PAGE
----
I don’t know that I’ve ever said this, but what this story needs is more words.
You read that right.
Sara, an exoethnologist, has just returned to her home world of Capella. Things have changed quite a bit since she was last here, most significantly, a former mentor is now a government power-player and wants her to take a position on a first-contact mission. Unofficially, he’s also like her to keep tabs on a disgraced member of his clan. She readily agrees, and shortly after she and the contact team are beamed fifty-eight light years away to the first contact ship orbiting above the inhabited planet. And that is when things really get strange.
Sara is an easy character to relate to; a natural skeptic, independent, mischievous–a narrative centering on her was an easy way to be introduced to concepts of traveling between planets and the resulting challenges of time-line management. Before long, Gilman added the journal entries of Thora, the woman Sara is monitoring. Initially, I treated the journal entries as a secondary voice, but eventually they consumed the narrative and became one of the driving story-lines, not mere background device. The result is–in my immediate opinion–a bit of a scramble. Third person, first person historical, second person, dream states, first person. More words might have smoothed some of this out.
Then there’s a plot. The beginning creates the assumption that Thora is in need of a minder, and Sara seems to fit the part. However, Sara’s given almost no information about Thora (nor time to find it out, apparently). Not long after the group is established on the ship, a guard is murdered. Strangely, it becomes an event that is quickly forgotten. Other significant events happen and are equally quickly set aside. Given the character development, it left me puzzled that any of our characters could be so sidetracked.
I was reminded of a recent Ilona Andrews post where she advised on the use of flashbacks and whether they take a reader out of the narrative. The parallel here is that the many plot lines treated with virtually equal importance took me out of whatever plot I was following at the time. Gilman should have decided which was more important–the protection/Sara/Thora mystery, the events of discovery and first-contact, the exploration of metaphysical consciousness. They don’t quite gestalt at the end, leaving me confused at what I was supposed to be reading.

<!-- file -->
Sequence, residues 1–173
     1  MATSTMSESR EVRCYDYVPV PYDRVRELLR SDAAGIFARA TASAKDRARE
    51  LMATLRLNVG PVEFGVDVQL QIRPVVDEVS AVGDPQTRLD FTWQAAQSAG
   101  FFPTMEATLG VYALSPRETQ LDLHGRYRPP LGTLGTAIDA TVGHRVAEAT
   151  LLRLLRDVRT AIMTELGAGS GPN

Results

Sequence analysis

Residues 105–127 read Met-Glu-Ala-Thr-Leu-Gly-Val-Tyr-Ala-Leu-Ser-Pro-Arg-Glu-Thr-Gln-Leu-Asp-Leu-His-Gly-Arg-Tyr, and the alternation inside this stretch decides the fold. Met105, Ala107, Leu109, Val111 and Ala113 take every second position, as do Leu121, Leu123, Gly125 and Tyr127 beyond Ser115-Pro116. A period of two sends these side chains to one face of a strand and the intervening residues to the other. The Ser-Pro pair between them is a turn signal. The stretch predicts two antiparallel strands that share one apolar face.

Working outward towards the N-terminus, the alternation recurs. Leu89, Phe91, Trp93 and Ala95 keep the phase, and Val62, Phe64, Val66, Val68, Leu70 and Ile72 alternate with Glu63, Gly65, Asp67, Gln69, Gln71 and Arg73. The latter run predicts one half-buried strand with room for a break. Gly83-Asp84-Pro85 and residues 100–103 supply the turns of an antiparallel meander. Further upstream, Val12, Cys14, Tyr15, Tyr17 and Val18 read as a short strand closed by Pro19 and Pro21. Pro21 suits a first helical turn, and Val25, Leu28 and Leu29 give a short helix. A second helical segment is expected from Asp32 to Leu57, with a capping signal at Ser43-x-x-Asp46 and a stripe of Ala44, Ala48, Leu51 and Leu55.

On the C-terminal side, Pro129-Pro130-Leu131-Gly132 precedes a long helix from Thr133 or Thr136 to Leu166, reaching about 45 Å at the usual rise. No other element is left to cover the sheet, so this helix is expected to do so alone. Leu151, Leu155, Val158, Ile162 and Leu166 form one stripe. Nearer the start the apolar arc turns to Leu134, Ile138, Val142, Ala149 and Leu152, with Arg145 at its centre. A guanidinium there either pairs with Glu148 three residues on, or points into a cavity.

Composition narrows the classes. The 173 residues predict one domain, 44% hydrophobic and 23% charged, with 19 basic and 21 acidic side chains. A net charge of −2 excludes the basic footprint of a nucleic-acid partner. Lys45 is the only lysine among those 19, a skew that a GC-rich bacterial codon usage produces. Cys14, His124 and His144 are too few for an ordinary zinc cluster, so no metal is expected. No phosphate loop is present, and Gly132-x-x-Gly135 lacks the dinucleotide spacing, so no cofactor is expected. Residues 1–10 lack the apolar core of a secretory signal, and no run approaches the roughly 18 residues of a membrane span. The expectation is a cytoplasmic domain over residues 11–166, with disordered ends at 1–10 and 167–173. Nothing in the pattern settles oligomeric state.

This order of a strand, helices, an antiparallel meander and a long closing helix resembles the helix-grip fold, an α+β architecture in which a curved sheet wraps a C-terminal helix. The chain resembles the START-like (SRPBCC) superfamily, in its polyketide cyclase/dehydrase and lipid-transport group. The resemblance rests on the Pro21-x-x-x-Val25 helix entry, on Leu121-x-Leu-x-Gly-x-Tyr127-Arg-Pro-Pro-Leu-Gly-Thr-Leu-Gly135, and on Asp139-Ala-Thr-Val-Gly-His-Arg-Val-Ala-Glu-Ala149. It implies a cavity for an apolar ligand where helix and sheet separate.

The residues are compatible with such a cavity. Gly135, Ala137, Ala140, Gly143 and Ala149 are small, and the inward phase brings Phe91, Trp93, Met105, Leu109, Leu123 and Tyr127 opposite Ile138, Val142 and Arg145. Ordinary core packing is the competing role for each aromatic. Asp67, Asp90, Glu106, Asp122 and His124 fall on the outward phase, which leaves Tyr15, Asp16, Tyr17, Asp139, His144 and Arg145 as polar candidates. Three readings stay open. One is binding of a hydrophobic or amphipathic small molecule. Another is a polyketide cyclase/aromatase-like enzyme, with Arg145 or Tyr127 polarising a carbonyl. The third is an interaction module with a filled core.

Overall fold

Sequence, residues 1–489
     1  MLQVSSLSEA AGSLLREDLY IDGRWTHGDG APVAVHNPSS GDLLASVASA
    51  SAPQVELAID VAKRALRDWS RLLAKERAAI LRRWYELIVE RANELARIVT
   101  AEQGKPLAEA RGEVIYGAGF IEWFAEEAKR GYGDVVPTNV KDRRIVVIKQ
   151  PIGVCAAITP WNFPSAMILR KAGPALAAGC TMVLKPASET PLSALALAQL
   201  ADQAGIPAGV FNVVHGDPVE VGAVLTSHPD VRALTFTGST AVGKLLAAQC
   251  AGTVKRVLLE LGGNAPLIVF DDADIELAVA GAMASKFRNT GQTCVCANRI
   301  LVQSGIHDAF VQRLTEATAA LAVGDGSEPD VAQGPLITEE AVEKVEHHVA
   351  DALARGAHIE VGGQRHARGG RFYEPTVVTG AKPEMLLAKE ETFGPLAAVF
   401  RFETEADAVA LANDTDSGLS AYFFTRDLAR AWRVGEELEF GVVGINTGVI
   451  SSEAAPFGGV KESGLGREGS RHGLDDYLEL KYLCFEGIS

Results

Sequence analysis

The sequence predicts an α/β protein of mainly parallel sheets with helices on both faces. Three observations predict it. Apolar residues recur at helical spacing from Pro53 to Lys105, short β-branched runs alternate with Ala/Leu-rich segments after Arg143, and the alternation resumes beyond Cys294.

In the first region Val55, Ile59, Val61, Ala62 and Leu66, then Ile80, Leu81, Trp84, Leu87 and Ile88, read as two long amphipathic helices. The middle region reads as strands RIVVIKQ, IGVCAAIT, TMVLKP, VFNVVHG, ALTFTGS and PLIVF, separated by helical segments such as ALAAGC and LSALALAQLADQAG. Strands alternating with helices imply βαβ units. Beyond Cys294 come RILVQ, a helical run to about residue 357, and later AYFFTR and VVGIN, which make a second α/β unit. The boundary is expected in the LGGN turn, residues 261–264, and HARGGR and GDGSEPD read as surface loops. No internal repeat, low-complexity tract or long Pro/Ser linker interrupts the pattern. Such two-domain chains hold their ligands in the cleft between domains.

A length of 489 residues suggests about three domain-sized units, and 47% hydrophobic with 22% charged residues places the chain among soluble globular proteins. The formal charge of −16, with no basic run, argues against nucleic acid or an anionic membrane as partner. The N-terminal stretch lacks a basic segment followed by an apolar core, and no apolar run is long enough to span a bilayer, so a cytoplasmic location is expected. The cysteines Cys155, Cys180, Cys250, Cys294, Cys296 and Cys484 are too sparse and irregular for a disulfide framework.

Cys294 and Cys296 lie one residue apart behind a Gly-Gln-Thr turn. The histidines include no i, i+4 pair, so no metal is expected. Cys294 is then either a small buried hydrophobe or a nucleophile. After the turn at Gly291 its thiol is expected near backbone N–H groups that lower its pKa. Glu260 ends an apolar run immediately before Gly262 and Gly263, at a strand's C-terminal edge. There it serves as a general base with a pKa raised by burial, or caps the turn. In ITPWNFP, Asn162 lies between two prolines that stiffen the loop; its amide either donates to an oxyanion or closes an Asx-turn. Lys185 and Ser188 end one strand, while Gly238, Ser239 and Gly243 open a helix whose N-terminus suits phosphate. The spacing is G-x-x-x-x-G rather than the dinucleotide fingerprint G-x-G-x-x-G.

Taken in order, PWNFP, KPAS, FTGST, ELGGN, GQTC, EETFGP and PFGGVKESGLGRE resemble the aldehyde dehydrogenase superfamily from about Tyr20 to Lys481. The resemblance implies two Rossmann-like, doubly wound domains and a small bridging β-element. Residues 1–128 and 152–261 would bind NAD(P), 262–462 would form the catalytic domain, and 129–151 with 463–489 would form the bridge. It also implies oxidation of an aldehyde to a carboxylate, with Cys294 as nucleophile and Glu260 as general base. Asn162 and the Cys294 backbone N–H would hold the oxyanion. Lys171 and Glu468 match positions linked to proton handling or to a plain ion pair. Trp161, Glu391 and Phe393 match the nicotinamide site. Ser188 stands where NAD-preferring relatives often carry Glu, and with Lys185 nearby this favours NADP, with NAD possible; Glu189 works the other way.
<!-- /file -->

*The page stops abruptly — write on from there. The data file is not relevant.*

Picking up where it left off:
What kept me going was excellent characterization and a clear strength of the story. The self-discovery of two of the characters felt quite genuine. It more than passes the Bechdel test with a variety of primary and secondary female characters interacting in many different capacities. There are a multitude of planets and cultural groups, so it is also pleasant to have a vague but present idea of future multi-culturalism, much like Star Trek: Next Generation. (Also like Star Trek, there are apparently ‘good’ cultures and ‘bad’ cultures).
I also enjoyed the metaphysics of the story, although they didn’t really evolve until mid-book. The science, however, was strictly for people that can accept a number of devices and not sweat the details. It reminded me of LeGuin and her device the ‘ansible’ that allowed instantaneous communication; there’s a bit more psuedo-science than I suspect hard-core sci-fi fans might like. But it contains a bunch of interesting concepts to play around with.
Ursula LeGuin blurbed this–not an everyday occurrence–so I was expecting something quite great. However–and I mean this in the kindest way possible–this is LeGuin Lite. It will suit readers who don’t have the patience for her slow and weighty building (a group in which I can sometimes be counted). There are Big Ideas here, but I don’t think Gilman knows exactly the story she wants to tell. An author to look out for, certainly, but not one for my shelves.